Prediagnostic Plasma Vitamin D Metabolites and Mortality among Patients with Prostate Cancer
Kasperzyk, Julie L.
Hollis, Bruce W.
Gaziano, J. Michael
Mucci, Lorelei A.
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CitationFang, Fang, Julie L. Kasperzyk, Irene Shui, Whitney Hendrickson, Bruce W. Hollis, Katja Fall, Jing Ma, et al. 2011. “Prediagnostic Plasma Vitamin D Metabolites and Mortality among Patients with Prostate Cancer.” Edited by Zheng Su. PLoS ONE 6 (4): e18625. https://doi.org/10.1371/journal.pone.0018625.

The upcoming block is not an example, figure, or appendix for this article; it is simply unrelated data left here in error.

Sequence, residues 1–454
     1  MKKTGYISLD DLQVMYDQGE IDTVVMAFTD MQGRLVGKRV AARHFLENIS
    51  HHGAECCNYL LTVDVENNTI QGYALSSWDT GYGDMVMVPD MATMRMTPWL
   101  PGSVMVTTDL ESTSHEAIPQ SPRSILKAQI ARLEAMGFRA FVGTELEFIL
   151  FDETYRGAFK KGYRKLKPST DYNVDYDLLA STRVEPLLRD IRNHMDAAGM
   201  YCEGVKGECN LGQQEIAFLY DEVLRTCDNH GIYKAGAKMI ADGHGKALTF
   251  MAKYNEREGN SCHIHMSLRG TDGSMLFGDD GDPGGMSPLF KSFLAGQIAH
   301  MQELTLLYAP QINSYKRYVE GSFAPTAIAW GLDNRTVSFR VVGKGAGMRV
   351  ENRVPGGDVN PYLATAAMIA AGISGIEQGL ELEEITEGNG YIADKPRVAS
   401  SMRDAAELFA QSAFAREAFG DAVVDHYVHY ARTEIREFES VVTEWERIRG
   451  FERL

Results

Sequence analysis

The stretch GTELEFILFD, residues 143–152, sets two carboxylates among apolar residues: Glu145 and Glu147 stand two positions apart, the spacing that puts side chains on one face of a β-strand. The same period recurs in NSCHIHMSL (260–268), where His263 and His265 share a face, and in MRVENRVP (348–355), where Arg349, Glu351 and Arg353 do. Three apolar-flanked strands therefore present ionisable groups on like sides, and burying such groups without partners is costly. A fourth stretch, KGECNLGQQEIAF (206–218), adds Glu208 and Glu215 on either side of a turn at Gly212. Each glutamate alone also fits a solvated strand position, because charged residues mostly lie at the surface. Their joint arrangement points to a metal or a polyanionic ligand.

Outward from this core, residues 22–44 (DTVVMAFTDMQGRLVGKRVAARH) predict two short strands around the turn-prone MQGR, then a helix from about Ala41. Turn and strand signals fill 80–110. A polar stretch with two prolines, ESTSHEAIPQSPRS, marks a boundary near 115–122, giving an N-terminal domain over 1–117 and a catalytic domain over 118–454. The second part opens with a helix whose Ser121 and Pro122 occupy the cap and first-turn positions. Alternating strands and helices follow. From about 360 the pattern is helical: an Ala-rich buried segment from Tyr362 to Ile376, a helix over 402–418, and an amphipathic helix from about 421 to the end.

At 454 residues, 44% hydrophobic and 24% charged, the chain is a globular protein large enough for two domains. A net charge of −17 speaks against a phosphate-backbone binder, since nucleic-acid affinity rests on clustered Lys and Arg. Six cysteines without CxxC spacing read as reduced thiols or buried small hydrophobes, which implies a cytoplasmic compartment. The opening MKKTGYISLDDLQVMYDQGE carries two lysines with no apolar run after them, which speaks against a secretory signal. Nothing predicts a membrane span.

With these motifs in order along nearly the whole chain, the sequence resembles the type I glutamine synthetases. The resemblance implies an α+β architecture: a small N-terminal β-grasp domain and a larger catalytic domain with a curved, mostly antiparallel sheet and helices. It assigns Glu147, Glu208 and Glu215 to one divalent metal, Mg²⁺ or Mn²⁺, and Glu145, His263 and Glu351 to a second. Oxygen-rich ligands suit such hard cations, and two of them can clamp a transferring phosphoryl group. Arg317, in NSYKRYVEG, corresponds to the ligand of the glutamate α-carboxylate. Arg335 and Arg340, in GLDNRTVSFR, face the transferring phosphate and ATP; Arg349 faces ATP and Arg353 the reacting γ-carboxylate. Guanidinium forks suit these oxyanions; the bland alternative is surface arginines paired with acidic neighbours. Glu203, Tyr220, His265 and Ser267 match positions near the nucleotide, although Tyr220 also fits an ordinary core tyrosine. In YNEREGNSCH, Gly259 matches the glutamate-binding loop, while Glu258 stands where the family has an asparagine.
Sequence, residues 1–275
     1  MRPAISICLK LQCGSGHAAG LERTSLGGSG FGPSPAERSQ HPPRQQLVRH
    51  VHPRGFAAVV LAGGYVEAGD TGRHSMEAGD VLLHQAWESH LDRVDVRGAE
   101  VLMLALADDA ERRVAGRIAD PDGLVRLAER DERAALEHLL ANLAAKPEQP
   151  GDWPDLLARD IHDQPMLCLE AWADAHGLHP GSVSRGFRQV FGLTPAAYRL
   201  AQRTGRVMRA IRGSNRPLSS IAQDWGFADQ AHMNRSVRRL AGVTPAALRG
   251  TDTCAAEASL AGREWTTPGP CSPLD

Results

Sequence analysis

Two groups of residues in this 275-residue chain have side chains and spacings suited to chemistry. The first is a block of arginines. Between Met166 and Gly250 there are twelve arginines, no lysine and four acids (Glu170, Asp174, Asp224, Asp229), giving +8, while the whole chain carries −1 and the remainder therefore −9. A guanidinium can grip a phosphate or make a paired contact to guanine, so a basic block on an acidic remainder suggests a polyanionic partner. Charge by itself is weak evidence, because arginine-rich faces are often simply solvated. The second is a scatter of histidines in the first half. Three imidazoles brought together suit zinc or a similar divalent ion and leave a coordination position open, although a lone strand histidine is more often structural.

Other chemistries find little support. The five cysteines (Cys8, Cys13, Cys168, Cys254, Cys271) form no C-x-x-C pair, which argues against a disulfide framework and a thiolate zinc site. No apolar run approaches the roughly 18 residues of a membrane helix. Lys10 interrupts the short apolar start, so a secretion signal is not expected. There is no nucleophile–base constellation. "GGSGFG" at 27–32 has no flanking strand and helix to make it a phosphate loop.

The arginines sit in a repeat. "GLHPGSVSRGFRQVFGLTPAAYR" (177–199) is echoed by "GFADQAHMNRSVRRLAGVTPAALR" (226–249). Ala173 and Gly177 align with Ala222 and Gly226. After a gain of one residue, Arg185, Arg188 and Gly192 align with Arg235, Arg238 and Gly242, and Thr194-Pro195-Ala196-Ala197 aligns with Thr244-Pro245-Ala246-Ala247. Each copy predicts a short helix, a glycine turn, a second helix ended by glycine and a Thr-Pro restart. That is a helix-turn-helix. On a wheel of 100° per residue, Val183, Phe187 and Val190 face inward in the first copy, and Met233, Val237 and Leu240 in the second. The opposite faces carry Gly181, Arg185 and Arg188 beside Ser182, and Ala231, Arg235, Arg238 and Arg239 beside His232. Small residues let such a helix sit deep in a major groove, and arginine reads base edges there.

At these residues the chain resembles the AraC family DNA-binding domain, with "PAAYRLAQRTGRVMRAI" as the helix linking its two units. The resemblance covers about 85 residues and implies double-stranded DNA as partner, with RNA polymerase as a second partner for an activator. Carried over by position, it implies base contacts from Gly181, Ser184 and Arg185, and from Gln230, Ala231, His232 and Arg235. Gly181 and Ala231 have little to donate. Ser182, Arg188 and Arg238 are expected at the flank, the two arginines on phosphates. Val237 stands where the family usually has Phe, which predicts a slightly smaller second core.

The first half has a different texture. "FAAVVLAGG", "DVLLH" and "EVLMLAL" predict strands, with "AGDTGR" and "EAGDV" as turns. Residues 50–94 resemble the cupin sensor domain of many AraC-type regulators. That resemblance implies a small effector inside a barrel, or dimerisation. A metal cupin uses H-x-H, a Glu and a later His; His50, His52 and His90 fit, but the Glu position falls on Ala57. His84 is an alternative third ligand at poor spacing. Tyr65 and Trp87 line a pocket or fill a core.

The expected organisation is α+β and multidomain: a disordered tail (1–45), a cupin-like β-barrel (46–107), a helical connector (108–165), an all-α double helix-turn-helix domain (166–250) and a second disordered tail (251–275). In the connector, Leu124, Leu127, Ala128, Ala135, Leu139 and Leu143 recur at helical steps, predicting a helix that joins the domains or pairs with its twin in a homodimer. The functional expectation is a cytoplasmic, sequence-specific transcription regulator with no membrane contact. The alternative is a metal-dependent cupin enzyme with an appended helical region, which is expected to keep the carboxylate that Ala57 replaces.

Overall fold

AbstractBackground: Laboratory evidence suggests that vitamin D might influence prostate cancer prognosis.Methodology/Principal Findings: We examined the associations between prediagnostic plasma levels of 25(OH) vitamin D [25(OH)D] and 1,25(OH)(2)vitamin D [1,25(OH)(2)D] and mortality among 1822 participants of the Health Professionals Follow-up Study and Physicians' Health Study who were diagnosed with prostate cancer. Cox proportional hazards models were used to calculate hazard ratios (HRs) and 95% confidence intervals (CIs) of total mortality (n = 595) and lethal prostate cancer (death from prostate cancer or development of bone metastases; n = 202). In models adjusted for age at diagnosis, BMI, physical activity, and smoking, we observed a HR of 1.22 (95% CI: 0.97, 1.54) for total mortality, comparing men in the lowest to the highest quartile of 25(OH) D. There was no association between 1,25(OH) 2D and total mortality. Men with the lowest 25(OH) D quartile were more likely to die of their cancer (HR: 1.59; 95% CI: 1.06, 2.39) compared to those in the highest quartile (P(trend) = 0.006). This association was largely explained by the association between low 25(OH) D levels and advanced cancer stage and higher Gleason score, suggesting that these variables may mediate the influence of 25(OH) D on prognosis. The association also tended to be stronger among patients with samples collected within five years of cancer diagnosis. 1,25(OH)(2)D levels were not associated with lethal prostate cancer.Conclusions/Significance: Although potential bias of less advanced disease due to more screening activity among men with high 25(OH) D levels cannot be ruled out, higher prediagnostic plasma 25(OH) D might be associated with improved prostate cancer prognosis.
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